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By now, if we’re doing our job right, you should kind of get how digital advertising works. Companies collect information about you — like where you live and your age and what you buy online and what websites you visit and much more — and they use that information to target you with ads they think you will like, so you'll buy their stuff. But you may not know that this is also happening on television. It's called addressable advertising, and it means your cable or satellite TV provider is showing you ads on your TV that your neighbor might not see. Right now only a small number of the ads you see are targeted ads, but it's evolving fast, because the money is good. Molly Wood talks about it with Tim Peterson, a senior reporter at Digiday. 

The following is an edited transcript of their conversation.

Tim Peterson: The cable companies or satellite companies, whether you have Comcast or Spectrum or DirecTV, you have a registered account with them. So they have your name. They have your address, your phone number, your email address. They have all these data points. And then they're able to connect those to third-party data providers who might also have data on you. And they do it in an anonymized way, but basically they're able to connect the dots to know roughly what your household income is, whether you have a car, how old your car is. And in some cases, if you have an internet service bundled with your TV service, they can also track your browsing as well, what websites you visit. If you have a cell phone service that's also connected, they can know where you're going out in the world and be able to take all that information into account to target you with ads on TV.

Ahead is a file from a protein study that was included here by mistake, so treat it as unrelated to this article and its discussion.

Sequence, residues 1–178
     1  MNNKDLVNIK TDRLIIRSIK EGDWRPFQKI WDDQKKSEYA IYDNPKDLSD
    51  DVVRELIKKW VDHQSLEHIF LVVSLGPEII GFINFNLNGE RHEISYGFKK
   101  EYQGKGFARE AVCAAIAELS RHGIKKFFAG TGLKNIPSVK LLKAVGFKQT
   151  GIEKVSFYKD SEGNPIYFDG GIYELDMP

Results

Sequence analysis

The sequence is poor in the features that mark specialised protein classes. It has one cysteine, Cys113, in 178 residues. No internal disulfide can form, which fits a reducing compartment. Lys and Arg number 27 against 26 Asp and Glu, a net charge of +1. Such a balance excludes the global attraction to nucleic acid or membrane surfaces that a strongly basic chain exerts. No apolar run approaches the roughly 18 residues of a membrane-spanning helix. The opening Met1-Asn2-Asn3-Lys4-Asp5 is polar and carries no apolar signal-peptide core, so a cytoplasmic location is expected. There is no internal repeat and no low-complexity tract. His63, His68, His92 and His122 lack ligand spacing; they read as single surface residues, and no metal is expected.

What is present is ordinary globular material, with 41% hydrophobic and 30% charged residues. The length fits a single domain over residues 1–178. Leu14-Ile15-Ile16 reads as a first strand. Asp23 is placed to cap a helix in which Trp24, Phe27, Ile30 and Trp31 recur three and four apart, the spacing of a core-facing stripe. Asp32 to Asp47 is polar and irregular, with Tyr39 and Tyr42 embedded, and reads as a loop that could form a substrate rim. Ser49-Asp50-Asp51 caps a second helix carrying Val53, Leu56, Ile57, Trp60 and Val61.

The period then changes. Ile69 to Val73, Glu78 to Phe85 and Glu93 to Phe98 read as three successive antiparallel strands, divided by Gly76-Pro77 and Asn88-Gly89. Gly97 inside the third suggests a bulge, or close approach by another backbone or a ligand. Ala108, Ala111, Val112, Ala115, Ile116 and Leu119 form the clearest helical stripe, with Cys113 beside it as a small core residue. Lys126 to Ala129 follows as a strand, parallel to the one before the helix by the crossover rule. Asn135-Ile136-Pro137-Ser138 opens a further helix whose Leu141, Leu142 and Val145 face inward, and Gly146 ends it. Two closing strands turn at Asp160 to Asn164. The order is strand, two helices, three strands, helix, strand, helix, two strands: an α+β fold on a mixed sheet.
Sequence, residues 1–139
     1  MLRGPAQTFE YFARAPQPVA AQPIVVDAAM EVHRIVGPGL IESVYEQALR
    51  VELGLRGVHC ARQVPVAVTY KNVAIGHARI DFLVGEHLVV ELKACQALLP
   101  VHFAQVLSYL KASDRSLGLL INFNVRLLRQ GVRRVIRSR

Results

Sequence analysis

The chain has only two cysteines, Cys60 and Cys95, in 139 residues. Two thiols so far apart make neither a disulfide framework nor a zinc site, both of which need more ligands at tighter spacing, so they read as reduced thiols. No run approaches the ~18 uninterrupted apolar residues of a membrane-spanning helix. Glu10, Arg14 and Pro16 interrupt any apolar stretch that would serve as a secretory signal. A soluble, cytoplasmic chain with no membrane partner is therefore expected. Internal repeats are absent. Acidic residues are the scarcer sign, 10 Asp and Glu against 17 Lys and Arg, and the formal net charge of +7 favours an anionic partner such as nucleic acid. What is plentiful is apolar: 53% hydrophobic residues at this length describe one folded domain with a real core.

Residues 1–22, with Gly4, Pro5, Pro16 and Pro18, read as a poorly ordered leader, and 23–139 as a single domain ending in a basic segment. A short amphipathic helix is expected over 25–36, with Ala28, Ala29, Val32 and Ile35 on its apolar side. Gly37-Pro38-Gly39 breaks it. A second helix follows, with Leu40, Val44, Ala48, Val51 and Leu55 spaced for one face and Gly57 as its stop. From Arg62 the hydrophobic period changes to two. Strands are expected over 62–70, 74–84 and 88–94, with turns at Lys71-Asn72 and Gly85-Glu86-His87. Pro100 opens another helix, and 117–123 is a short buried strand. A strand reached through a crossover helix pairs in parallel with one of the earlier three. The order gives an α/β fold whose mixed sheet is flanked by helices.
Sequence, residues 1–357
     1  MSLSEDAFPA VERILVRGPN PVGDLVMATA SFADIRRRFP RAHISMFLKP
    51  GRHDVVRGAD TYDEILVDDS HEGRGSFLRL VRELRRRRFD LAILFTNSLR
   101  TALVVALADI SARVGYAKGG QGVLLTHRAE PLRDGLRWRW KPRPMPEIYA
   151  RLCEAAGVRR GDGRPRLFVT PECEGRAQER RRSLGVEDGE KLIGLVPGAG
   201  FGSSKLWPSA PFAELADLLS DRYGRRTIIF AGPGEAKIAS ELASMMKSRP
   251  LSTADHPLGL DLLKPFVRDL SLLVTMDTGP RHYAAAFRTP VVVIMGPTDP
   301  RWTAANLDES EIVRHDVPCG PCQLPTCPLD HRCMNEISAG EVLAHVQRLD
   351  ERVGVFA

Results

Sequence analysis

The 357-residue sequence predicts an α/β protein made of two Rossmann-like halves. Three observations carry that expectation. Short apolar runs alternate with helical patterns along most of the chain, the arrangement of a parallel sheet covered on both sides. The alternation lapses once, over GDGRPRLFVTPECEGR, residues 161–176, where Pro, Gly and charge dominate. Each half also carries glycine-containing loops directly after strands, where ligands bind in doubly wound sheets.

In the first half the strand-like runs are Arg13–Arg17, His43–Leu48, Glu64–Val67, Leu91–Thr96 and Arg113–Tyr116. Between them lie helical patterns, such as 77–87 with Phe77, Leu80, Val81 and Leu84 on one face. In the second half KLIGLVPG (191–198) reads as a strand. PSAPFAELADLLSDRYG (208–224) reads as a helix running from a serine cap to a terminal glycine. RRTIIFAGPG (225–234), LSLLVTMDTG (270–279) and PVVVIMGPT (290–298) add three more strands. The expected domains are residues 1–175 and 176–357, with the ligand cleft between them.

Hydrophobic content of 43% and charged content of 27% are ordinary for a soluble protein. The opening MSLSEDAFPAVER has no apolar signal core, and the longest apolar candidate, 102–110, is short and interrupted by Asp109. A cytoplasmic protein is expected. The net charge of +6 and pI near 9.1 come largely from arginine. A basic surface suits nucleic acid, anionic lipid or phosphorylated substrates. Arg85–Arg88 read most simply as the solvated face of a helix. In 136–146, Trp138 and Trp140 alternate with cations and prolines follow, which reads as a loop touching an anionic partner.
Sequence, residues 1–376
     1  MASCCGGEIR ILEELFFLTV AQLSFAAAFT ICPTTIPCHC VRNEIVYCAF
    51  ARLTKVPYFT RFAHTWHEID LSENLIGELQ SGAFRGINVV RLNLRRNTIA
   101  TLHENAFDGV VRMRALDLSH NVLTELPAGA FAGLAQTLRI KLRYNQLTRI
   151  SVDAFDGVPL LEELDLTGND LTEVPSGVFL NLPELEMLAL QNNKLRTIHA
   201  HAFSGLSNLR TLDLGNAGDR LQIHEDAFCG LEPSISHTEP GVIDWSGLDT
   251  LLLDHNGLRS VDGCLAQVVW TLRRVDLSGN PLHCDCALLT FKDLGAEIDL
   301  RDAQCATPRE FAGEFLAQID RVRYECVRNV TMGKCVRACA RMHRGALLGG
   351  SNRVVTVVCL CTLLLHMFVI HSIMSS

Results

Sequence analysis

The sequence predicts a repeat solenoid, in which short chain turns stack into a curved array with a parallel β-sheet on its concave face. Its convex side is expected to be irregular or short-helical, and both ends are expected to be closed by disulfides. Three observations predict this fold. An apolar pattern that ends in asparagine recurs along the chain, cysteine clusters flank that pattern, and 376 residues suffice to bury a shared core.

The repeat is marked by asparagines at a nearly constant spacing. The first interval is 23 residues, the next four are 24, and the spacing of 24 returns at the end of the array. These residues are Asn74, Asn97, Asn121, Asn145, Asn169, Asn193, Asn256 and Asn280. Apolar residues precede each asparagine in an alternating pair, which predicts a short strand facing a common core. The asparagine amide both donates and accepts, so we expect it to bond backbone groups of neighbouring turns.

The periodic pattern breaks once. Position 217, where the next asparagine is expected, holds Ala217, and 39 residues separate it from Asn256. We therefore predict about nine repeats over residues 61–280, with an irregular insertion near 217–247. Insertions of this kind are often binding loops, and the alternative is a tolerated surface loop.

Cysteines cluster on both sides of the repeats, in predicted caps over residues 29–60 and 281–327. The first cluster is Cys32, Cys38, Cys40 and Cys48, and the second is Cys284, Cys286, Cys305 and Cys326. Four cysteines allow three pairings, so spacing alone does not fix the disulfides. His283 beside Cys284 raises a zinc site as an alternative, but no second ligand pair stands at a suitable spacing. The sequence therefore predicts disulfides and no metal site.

Molly Wood: How much more money can cable companies make? I assume they can charge more for an addressable TV ad than a generic one.

Peterson: Oh yeah, absolutely. They can charge you about 10 times more for these kinds of ads, because they can be somewhat more effective, or at least more pinpointed, for the advertisers. So if an advertiser is paying $10 for a general ad that will just run during the basketball game to everyone who's watching the basketball game, they can alternatively pay, say $100, to only show it to people in certain markets who have a certain household income and certain other interest levels. So there's a bit more efficiency or less waste with it, but it's more expensive to do that.

Wood: What are the challenges around this technology? Because I could imagine a scenario in which if there are multiple people in a household, it's just not going to be that accurate. How well does this addressable advertising actually even work?

Peterson: Yeah, so that's why it's largely at the household level, especially because they don't know, if there are multiple people in a household, which of those people is watching a show at any given time. That's why it's things like, is this a household where there are kids? Is this a household where they own a car? What kind of car is this? Is this a household that rents or buys? How many people are in this household? And then demographic information to age [and] gender of the people living in the household.

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Follow Molly Wood at @mollywood